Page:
In his book The Celluloid Closet (1981), gay film historian Vito Russo discusses the film, claiming, without attribution, that it was titled The Gay Brothers.[6] Russo's unsupported naming of the film has been adopted widely online and in at least three books, and his assertions that the film's content is homosexual are frequently echoed.[7] In addition to there being no evidence for the title Russo gives the film, in fact the word "gay" was not generally used as a synonym for "homosexual" at the time the film was made.[8] There is also no evidence that Dickson intended to present the men—presumably employees of the Edison studio—as a romantic couple. Given the lyrics of the song Dickson plays, which describes life at sea without women, it is most plausible that he intended a joke about the virtually all-male environment of the Black Maria. Still, this may be seen as one of the earliest examples of same-sex imagery in the cinema. An excerpt of the film is included in the documentary based on Russo's book, also titled The Celluloid Closet (1995).


  1. A few sources, including Dixon (2003, p. 53) and, suggest that the violinist is or might be Charles D'Almaine, who recorded a number of cylinders for Edison. For a detailed rebuttal of this claim, see Loughney (2001), p. 216. A photograph positively identified as of D'Almaine, available online, also belies the notion that he is the violinist seen in the film. See also Hendricks (1966), p. 122.
  2. See, e.g., UNLV Short Film Archive. Courtesy of Wikipedia editor Franz Jacobs, the following material can be accessed to compare Dickson's performance with a selection from "Song of the Cabin Boy," demonstrating that Dickson plays the vocal part on the violin:
    See Two Hundred Opera Plots, by Gladys Davidson, for a description of the opera. Ion Martea, in his May 19, 2006, essay on the film for the Culture Wars website, claims erroneously that the music Dickson plays is "an excerpt from Pietro Mascagni's Cavalleria rusticana."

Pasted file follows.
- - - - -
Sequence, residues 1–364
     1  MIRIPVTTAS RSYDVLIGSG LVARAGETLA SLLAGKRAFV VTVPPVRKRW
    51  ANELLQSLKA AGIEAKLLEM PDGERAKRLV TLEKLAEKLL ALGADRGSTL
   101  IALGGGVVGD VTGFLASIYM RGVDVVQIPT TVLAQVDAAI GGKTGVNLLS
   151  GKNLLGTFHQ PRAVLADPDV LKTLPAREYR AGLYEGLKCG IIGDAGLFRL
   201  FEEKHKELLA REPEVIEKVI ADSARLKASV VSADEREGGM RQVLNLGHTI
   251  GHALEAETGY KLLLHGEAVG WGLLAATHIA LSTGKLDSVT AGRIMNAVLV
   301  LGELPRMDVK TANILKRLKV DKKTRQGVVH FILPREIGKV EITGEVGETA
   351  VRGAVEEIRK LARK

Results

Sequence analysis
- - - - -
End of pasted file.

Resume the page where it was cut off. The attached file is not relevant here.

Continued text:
3. Loughney (2001), p. 217.
  4. Loughney (2001) describes the sound as "nearly two minutes long" (p. 217). Murch, in his brief 2000 note, calls it "a couple of minutes long"; in his 2004 interview he says "two and a half minutes long."
  5. Hendricks (1966), pp. 6–8.
  6. Russo (1987), pp. 6–7. For rebuttal of Russo's claim, see, e.g., Dixon (2003), p. 53; Justin DeFreitas, "Moving Pictures: Documentary Puts Modern Gay Cinema in Context," Berkeley Daily Planet, July 7, 2006 (available online).
  7. See Movies of the 90s, ed. Juergen Mueller (Bonn: Taschen, 2001), p. 147. See also Larry P. Gross, Up from Invisibility: Lesbians, Gay Men, and the Media in America (New York: Columbia University Press, 2001), p. 57. Gross also erroneously calls it a "five-minute experimental film" and describes the men as dancing to music "played on an Edison gramaphone," though he does properly state that "we don't know what Dickson intended this light-hearted scene to suggest" (ibid.). The passage is adapted from a section introduction written by Gross for The Columbia Reader on Lesbians & Gay Men in Media, Society, and Politics, ed. Larry P. Gross and James D. Woods (New York: Columbia University Press, 1999), p. 291.
  8. A particularly relevant example of the way the word "gay" was actually used is provided by a later Edison Manufacturing Company film, directed by Edwin S. Porter. As described by scholar Linda Williams, The Gay Shoe Clerk (1903)
    is composed of a static long shot.... A clerk is tidying up, when two women enter. The younger woman seats herself before the clerk as the older woman's attention wanders. When the clerk begins to try a shoe on the young woman, the master long shot is replaced by an "insert" close-up of her foot and ankle showing the clerk's hands fondling the foot. As the shot continues the woman's full-length skirt rises, and the audience gets a good view of her stockinged calf. Returning to the original long shot, we see the rest of the action: the clerk, apparently aroused by the sight and touch of her calf, kisses the young woman; the older woman finally notices and begins beating him on the head with her umbrella.
    Linda Williams, Hard Core: Power, Pleasure, and the "Frenzy of the Visible", exp. ed. (Berkeley, Los Angeles, and London: University of California Press, 1999), pp. 65–66.



  • Dixon, Wheeler Winston (2003). Straight: Constructions of Heterosexuality in the Cinema (Albany: State University of New York Press, 2003). ISBN 0-7914-5623-4
  • Hendricks, Gordon (1966). The Kinetoscope: America's First Commerically Successful Motion Picture Exhibitor. New York: Theodore Gaus' Sons. Reprinted in Hendricks, Gordon (1972). Origins of the American Film. New York: Arno Press/New York Times. ISBN 0-405-03919-0
  • Loughney, Patrick (2001). “Domitor Witnesses the First Complete Public Presentation of the [Dickson Experimental Sound Film] in the Twentieth Century,” in The Sounds of Early Cinema, ed. Richard Abel and Rick Altman (Bloomington: Indiana University Press), 215–219. ISBN 0-253-33988-X
  • Russo, Vito (1987). The Celluloid Closet: Homosexuality in the Movies, rev. ed. (New York: Harper & Row). ISBN 0-06-096132-5